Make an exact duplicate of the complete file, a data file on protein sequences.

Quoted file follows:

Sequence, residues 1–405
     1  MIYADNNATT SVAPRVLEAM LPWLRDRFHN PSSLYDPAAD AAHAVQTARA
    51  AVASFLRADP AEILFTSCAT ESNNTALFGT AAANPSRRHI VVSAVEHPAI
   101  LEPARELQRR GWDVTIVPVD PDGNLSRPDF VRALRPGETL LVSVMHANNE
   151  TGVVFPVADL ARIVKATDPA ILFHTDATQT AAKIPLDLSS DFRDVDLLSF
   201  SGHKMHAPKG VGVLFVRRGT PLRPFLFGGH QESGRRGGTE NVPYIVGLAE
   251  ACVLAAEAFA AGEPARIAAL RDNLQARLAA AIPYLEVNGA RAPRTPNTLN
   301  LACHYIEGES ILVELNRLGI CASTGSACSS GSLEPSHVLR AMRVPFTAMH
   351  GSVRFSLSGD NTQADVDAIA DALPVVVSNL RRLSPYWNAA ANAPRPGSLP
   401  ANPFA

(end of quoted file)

Sequence, residues 1–405
     1  MIYADNNATT SVAPRVLEAM LPWLRDRFHN PSSLYDPAAD AAHAVQTARA
    51  AVASFLRADP AEILFTSCAT ESNNTALFGT AAANPSRRHI VVSAVEHPAI
   101  LEPARELQRR GWDVTIVPVD PDGNLSRPDF VRALRPGETL LVSVMHANNE
   151  TGVVFPVADL ARIVKATDPA ILFHTDATQT AAKIPLDLSS DFRDVDLLSF
   201  SGHKMHAPKG VGVLFVRRGT PLRPFLFGGH QESGRRGGTE NVPYIVGLAE
   251  ACVLAAEAFA AGEPARIAAL RDNLQARLAA AIPYLEVNGA RAPRTPNTLN
   301  LACHYIEGES ILVELNRLGI CASTGSACSS GSLEPSHVLR AMRVPFTAMH
   351  GSVRFSLSGD NTQADVDAIA DALPVVVSNL RRLSPYWNAA ANAPRPGSLP
   401  ANPFA